• 54. Products Map Maker Depiction mapping software allows emergency managers to build, use and present custom, interactive maps and simulations. By combining geography, data and other information with what-if possibilities, emergency managers can garner views into possible situations. Educators are also using the software to enhance student learning with scenarios, and first responders can use it as a training tool. Depiction lets users make living maps by merging personal and freely available data, and update their maps with live field reports. The software costs $89. Suiting Up Safe Quarters To ensure that first responders are kept as safe as possible when responding to an emergency, advances in every aspect including outerwear are important. Lion Apparel introduced Janesville CB-Xit — an ensemble that’s designed to envelop firefighters with thermal and moisture resistance, as well as single-exposure protection from chemical warfare agents, like sarin and mustard gas. The suit is compliant with the National Fire Protection Association’s Standard on Protective Ensembles for Structural Fire Fighting and Proximity Fire Fighting (NFPA 1971). It also meets the standard’s optional chemical, biological and radiological particulate terrorism agent protection criteria. The Rapid Deployment Shelter System is a rigid wall structure that was developed by the Y-12 National Security Complex at the U.S. Army’s request and manufactured by Adaptive Methods. The shelter unfolds from a 20-foot standard shipping container into a 400-square-foot refuge at the touch of a button. It can be deployed by one person in less than two minutes. When the unit is no longer needed, it returns to the shipping container to be transported. It can be reconfigured for a variety of applications including first responder or family housing, barracks, offices, medical triage and command, control and communications centers. Loud and Clear Communication and realism are important aspects of emergency training drills, and the Technomad Military PA System provides high-powered communications while the SuperConductor MP3 military player/recorder injects audio into the scene. The PA system has a weatherproof design and features high-quality sound and longdistance output. The SuperConductor can automatically play files on a scheduled basis and also record live field audio direct to MP3 format for immediate or future playback. 54 EM11_54.indd 54 12/8/09 2:26:22 PM Designer Creative Dir. Editorial 100 Blue Ravine Road Folsom, CA 95630 Prepress Other OK to go 916-932-1300 ���� ������� ������ ����� ������������������������� ������������������������� ������������������������� ������������������������� � PAGE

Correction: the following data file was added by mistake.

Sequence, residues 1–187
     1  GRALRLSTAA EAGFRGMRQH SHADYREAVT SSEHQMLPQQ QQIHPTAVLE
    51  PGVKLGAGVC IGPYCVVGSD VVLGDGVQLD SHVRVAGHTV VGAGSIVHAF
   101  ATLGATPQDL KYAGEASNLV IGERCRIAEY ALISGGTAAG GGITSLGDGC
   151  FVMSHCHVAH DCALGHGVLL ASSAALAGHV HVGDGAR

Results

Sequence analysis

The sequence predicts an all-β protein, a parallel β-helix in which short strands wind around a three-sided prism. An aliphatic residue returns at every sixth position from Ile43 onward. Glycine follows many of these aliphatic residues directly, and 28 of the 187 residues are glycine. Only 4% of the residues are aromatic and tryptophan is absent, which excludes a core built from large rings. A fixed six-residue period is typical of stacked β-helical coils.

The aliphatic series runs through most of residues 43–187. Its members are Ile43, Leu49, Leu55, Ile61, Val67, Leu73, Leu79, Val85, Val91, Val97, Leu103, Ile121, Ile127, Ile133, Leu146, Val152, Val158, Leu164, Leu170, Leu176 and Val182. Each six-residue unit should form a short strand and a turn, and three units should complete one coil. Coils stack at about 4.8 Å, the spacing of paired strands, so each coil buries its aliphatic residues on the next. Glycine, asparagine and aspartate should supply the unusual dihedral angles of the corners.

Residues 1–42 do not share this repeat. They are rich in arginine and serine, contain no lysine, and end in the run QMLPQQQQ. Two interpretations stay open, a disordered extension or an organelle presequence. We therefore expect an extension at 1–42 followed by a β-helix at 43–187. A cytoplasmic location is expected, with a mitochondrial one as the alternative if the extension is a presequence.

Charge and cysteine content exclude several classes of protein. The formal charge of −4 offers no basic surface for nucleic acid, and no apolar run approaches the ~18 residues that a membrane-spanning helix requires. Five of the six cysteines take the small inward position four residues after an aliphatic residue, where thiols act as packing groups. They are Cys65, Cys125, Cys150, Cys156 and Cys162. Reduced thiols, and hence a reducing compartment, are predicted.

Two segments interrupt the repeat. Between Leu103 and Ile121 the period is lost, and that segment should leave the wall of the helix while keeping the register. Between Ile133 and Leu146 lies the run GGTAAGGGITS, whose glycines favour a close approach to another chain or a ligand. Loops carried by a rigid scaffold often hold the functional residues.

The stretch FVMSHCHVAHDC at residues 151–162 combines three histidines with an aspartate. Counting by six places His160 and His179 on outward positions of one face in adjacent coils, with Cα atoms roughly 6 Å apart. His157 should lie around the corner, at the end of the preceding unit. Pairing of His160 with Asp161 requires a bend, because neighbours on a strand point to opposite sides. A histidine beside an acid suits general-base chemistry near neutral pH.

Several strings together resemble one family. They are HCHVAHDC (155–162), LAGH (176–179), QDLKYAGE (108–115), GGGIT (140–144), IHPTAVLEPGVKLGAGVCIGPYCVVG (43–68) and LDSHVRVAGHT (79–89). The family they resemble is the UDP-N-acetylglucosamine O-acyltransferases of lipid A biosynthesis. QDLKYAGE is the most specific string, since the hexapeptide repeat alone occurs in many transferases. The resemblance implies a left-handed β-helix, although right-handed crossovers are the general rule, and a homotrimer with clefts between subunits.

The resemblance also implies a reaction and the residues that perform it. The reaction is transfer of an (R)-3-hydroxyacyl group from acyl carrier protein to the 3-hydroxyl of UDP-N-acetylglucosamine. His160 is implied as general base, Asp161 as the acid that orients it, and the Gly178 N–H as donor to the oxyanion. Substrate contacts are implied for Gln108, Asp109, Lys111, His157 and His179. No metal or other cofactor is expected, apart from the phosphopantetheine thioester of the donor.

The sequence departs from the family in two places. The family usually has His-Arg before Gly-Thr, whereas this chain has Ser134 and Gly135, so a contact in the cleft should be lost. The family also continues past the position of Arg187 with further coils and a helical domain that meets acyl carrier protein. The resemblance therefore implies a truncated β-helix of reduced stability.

• 55. New on Looking to Advance Your Career, Get Promoted or Make a Change? 67% of Emergency Management’s audience will invest in training and education by 2010 year-end! is your one-stop to achieve your professional goals in law enforcement, emergency management and homeland security. Take advantage of our thousands of job postings, responder certificates and accredited degree programs in the homeland security and emergency management categories to help you succeed. Or, if you’re looking to advertise a position, post it to let us help with your recruitment. 2009 Best New Website – Bronze The opportunity is yours. Visit today! Designer Creative Dir. Editorial 100 Blue Ravine Road Folsom, CA 95630 Prepress Other OK to go 916-932-1300 ���� ������� ������ ����� ������������������������� ������������������������� ������������������������� ������������������������� � PAGE